Her paintings bear all the hallmarks of good abstract art. They’re flat, proudly displaying their brushstrokes and little clumps of oil and pastel, their true nature as the hand’s markings on even surfaces. She toys with patches of transparency and opacity as did the likes of Morris Louis and Helen Frakenthaler. The just-short-of-piercing, anxiety-heightening points and edges of Frank Stella and Kenneth Noland make appearances. And she even demonstrates a flair for jamming perfectly mismatched pigments together that smacks of Picasso’s famous motley portraits of his many, many female muses.
Yet Victoria Ravelo’s brand of particoloured flatness reveals subtle and precisely applied layers, calculatedly aligned for an absorbing, spontaneous effect entirely her own.
How can such engaging depth emerge from the self-ascribed shallows of abstraction? By transmuting the constructions we choose to live out our days in. She begins each new piece by contemplating specific architectural spaces. In fact, those razor-thin perimeters that wash into broad planes and angles that slice through vertical and horizontal space do look as if they could be junctions where walls kiss floors and ceilings drunkenly reach for unseen celestial spheres.
By drawing in the foundations, erasing out non-essentials, and renovating where she sees fit, Ravelo lifts her chosen spaces from perceived reality. She strips them of their worldly context and remodels them into personal statements that act as cornerstones for new dimensions of uninhibited invention.
And there’s a hospitable glow about her unpeopled domains, as if the Miami-based artist is inviting us to trust in what lies across unexplored thresholds, to step in and think awhile.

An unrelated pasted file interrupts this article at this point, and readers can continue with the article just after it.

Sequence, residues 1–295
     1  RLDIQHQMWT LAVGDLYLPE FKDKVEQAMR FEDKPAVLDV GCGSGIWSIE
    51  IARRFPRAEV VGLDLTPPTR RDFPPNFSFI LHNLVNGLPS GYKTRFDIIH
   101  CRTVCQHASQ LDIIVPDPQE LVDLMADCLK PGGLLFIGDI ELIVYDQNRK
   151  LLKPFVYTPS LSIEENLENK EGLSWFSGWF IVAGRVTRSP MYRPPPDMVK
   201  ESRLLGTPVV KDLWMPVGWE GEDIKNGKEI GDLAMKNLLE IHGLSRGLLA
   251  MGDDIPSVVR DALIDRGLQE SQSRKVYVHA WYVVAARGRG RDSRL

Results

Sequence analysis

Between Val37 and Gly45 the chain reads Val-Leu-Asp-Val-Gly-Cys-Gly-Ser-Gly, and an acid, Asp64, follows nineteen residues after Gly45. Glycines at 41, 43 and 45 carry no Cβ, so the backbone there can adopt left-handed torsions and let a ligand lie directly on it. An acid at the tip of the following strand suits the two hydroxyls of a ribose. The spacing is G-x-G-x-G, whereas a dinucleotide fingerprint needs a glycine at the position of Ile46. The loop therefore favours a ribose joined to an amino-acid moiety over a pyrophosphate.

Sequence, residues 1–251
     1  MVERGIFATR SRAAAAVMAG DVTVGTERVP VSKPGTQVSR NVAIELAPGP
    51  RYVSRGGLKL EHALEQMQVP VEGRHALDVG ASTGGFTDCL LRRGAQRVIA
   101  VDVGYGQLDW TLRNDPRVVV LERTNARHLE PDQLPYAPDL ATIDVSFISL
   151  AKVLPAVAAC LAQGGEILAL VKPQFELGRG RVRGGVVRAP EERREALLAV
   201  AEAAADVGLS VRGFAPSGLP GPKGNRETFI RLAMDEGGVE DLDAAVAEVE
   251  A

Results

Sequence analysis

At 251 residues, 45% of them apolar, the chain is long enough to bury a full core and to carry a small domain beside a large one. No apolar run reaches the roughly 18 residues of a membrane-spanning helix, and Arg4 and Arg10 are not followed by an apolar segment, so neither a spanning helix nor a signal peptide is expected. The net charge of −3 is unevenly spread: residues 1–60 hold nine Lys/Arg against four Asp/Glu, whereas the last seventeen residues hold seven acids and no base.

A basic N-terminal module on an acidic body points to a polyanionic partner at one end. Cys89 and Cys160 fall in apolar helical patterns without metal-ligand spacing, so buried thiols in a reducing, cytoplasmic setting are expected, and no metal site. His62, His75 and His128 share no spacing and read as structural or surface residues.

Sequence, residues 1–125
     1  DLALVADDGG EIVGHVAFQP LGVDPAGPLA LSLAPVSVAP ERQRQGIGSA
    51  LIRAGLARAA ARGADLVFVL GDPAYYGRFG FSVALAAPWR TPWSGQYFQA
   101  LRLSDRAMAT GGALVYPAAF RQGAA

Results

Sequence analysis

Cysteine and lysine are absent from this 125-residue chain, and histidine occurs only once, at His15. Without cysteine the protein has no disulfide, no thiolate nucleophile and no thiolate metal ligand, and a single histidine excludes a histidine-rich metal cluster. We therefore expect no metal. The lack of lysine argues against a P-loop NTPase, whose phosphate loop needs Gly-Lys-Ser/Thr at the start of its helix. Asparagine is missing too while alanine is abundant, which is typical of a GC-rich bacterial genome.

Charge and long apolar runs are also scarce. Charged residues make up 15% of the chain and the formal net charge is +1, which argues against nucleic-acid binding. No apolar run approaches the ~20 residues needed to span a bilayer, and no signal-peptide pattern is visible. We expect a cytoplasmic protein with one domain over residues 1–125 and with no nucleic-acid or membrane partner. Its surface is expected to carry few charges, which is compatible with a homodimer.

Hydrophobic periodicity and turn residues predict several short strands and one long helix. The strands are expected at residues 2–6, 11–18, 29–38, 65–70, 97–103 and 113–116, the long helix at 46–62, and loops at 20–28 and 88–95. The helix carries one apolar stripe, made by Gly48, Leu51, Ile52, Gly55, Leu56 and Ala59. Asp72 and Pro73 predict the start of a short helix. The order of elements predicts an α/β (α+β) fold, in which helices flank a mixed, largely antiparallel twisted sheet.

For her choice of colour palette lends a plucky femininity to things municipal. Sourced from her tropical surroundings, Cuban roots and softhearted, easy going charisma: a cascade of frosted and blushing pastels, voluminous berry tones and rich, earthy washes that get umami flavours bubbling in the mind’s eye.
Her hues culminate in compositions that exude an intuitive animal magnetism, far cries from the cold geometries and apathetic blueprints that compose off-canvas buildings which rupture horizons in all directions.
By twisting other engineers’ dreams and spilling out her interior cityscapes, she assists us in mapping our own involuntary responses to the confines we sequester ourselves in. Hung on those same alienating walls, her paintings serve to remind us there’s always more out there, more to seek, greet, taste, decipher and embrace. Ravelo is one to watch as she continues intrinsically plotting out urbane zones both quasi-extant and rather more out of this world, using almost familiar but thoroughly novel visual languages.